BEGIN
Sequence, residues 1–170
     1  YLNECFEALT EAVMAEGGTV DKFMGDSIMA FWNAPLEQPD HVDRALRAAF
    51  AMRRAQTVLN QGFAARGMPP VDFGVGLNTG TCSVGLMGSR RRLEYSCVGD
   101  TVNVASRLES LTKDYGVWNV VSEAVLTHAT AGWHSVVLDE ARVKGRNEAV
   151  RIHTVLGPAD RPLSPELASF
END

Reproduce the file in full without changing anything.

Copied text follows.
Sequence, residues 1–170
     1  YLNECFEALT EAVMAEGGTV DKFMGDSIMA FWNAPLEQPD HVDRALRAAF
    51  AMRRAQTVLN QGFAARGMPP VDFGVGLNTG TCSVGLMGSR RRLEYSCVGD
   101  TVNVASRLES LTKDYGVWNV VSEAVLTHAT AGWHSVVLDE ARVKGRNEAV
   151  RIHTVLGPAD RPLSPELASF